On our first night home with the baby, Superman saw my exhaustion and sent me to bed with her. That night I hoped he had resigned himself to sleeping with baby in the middle at least for a few months.  I had only slept a few hours when I realized that my husband was laying on the other side of the bed stiff as a board and wide awake.  Groggily, I asked him what was wrong and the disgruntled man informed me that he was unable to sleep for fear of rolling on our daughter.  A few minutes later he packed up his pillows and moved to the couch.  At the time I was too tired to do anything other than promptly fall back asleep, but when I woke up in the morning to find him gone it was all I could do not to start crying.  I still hoped it would get better, but the next night was the same and just before sunrise I found myself trying to transfer Onyx to the play pen so my husband could come back to bed.  I say "trying" because he had no sooner settled himself back into the bed when she started crying and he headed off to the couch once again. 

If nights were bad, days were worse.  It seemed as if the baby and I were taking refuge in the bedroom while Superman holed up in the living room, leaving the kitchen and bathroom as a shaky no man's land.  While we hadn't so much as argued over the new sleeping arrangement, it seemed as if we were at war.  The distance was excruciating.  I wondered if I had been na├»ve to think that I could be a good mama and maintain my relationship both.  As much as we loved our new baby, both of us just wanted the us we knew to come back and the only way to get there was to reclaim our bed.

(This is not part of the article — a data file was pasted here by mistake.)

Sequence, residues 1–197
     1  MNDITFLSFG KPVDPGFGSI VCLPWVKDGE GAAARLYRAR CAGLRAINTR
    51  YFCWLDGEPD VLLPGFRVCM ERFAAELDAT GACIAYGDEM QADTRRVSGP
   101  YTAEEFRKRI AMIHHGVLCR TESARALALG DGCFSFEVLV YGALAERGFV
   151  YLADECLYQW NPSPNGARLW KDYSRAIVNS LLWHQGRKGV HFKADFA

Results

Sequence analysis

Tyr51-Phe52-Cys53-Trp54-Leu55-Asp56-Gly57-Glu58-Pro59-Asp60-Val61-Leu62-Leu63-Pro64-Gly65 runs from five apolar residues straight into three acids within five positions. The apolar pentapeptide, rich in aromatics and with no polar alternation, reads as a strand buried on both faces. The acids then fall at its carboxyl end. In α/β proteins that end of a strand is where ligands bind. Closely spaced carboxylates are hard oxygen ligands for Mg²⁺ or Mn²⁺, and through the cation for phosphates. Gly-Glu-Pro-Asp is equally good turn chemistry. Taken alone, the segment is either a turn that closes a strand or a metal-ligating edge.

Night three was exhausting.  I knew that I had to teach our little girl to sleep by herself, but I am not the kind of mama who can let her baby "just cry it out."  Over and over I nursed Onyx to sleep only to have her wake up yelling the moment I laid her down.  We paced the tiny kitchen, snuggled on the couch, listened to music, sat in front of the computer; yet no matter how deeply she seemed to sleep it just wouldn't last.  Finally when I was just about to my breaking point, I laid her down and she simply sighed.  I held my breath just waiting for the insulted screams, they didn't come.  I tip-toed to the bathroom just hoping for enough time to relieve myself, but the silence remained long after I had reemerged and stood over the play pen expectantly. 

Finally, I slipped into the living room to retrieve my husband.  He was skeptical too and we both held our breath while climbing under the covers. With a strange mixture of tiredness and relief I curled up against him and I could feel the tension of the previous days melt away as he wrapped his arms around me.  "That's better," he mumbled into my hair and sighed.  We were back where we needed to be and thank God, the baby was asleep.